Even twinks can teach us something, if we know where to look.
So Merlin, the protagonist of Zelazny's second Amber series, and for people who play the DRPG, he is basically the template for a twink. In a setting where most of the characters are either from Amber (with the powers that come with that) or Chaos (with a different set of powers), he's a half-breed with powers from both.
He's hardly alone in this distinction. Mediocre fiction is awash in half-breeds with the best attributes of each side who are, despite their profound badass-ness unprecedentedly rare.
When I see a character like this in a game, my first instinct is to roll my eyes. This is usually a gimmick to try to justify more than average powers or combinations than the rules might normally allow, and that's a big red flag. That may sound cynical, but it's not an unreasonable assumption. However, it does reveal something interesting that might be usable in almost any other game.
See, the truth is that there's a lot of mojo in hybrids. Interesting things don't happen in the middle of things: they happen at the edges and crossroads, and that's equally true of characters. Interesting characters in fiction and play are usually exceptions in some way, and hybrids are a good way to handle that.
First, it's conceptually powerful. White Wolf has pretty decisively demonstrated the power of combining two templates to make a character, and a hybrid character model can tap into that same appeal. The trick is that in White Wolf (or D&D, in the case of Race/Class) is that the combination is the NORM. Every character out there is something from column A and something from column B. There's nothing exceptional about any particular column.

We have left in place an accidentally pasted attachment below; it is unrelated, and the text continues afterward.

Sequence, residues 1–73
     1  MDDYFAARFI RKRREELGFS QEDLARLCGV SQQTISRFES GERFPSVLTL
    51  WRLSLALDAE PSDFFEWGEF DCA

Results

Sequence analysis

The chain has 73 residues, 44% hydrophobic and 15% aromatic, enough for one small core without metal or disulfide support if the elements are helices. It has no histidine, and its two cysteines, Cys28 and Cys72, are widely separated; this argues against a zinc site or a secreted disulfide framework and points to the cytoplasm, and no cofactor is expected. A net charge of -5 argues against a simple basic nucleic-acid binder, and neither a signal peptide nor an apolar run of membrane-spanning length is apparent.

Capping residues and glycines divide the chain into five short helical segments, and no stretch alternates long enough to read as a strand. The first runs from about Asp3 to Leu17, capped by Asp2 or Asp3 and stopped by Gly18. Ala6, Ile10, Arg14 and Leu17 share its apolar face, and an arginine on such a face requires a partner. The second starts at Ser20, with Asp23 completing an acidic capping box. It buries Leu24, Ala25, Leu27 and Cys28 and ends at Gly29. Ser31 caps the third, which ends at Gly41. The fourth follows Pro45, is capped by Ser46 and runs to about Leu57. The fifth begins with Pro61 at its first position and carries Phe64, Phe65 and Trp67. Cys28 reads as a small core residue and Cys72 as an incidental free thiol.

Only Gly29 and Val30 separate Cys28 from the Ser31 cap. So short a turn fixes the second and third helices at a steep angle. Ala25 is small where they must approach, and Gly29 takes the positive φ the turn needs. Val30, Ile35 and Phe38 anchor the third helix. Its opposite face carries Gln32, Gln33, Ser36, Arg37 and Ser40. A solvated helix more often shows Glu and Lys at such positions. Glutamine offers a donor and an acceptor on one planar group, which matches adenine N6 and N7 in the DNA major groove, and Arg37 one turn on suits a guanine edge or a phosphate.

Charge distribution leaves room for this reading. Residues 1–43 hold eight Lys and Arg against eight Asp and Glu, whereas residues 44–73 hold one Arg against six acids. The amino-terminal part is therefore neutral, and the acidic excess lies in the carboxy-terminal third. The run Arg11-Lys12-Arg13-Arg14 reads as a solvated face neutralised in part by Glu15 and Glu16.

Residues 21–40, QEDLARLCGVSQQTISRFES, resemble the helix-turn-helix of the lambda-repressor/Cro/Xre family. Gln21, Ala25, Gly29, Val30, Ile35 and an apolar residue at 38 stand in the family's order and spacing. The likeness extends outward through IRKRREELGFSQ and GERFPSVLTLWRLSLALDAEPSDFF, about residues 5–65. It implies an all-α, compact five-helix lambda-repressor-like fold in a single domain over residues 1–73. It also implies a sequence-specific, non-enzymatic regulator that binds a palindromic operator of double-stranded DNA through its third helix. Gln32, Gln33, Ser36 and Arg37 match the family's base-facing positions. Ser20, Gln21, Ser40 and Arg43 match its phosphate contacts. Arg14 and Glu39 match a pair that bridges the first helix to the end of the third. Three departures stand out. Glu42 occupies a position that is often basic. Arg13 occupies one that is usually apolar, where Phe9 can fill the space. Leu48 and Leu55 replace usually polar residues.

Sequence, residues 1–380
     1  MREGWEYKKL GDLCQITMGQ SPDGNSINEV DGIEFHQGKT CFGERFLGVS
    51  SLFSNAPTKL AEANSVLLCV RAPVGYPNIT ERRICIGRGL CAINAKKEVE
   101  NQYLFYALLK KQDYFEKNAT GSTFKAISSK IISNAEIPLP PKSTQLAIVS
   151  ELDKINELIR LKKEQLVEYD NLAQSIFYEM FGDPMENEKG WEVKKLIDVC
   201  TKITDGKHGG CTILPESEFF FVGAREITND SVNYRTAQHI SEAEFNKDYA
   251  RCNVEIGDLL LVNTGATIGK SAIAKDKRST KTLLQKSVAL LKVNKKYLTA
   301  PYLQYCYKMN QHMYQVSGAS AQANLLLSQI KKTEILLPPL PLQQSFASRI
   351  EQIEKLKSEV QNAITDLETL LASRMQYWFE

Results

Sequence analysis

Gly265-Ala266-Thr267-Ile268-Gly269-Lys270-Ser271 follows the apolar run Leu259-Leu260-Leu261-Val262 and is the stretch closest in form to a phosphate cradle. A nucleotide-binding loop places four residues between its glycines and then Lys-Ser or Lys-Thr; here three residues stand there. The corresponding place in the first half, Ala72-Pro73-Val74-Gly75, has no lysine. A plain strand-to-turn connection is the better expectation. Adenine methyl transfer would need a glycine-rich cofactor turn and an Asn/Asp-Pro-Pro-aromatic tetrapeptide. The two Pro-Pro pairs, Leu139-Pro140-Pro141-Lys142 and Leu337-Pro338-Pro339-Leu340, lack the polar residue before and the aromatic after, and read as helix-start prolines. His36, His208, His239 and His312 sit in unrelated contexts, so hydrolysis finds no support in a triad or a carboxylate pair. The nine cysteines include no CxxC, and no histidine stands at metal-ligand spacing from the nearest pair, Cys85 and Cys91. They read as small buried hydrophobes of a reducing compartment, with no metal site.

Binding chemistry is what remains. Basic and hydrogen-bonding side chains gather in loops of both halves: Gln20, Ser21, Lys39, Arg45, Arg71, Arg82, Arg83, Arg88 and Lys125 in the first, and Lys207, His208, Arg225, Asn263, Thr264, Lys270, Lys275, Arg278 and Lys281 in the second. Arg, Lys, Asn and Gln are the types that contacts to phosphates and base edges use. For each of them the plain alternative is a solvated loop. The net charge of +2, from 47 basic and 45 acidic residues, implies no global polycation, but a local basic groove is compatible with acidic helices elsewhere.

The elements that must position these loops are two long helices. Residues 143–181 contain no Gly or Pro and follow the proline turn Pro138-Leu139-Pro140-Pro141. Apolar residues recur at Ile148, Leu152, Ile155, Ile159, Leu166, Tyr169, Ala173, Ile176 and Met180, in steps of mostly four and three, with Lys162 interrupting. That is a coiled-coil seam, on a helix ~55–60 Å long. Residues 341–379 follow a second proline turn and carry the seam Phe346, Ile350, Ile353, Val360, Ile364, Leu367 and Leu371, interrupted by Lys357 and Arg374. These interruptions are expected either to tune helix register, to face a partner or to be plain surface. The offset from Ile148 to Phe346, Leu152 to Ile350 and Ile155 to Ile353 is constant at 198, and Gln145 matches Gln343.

With that in mind, there's something to be said for designing a setting where the combinations are possible, but not the norm. Create the factions and groups and declare that for the most part, they do not overlap, then quietly allow (perhaps even encourage) players to pick more than one. Everyone else may be a musketeer, and that makes it all the more fun when one player used to be a priest (or noble).
Anyway, my point is that while this is a pretty bad habit when used to exploit the system, it also reveals something that can be used to make a game more fun for everyone else.
1 - When I see that a character like this is an NPC, I am tempted to throw the book across the room. A setting has only so many "slots" for interesting exceptions before they start blurring the lines and making such exceptions meaningless. Those slots are for PCs, plain and simple, and every time a supplement author gives one to an NPC, a kitten dies.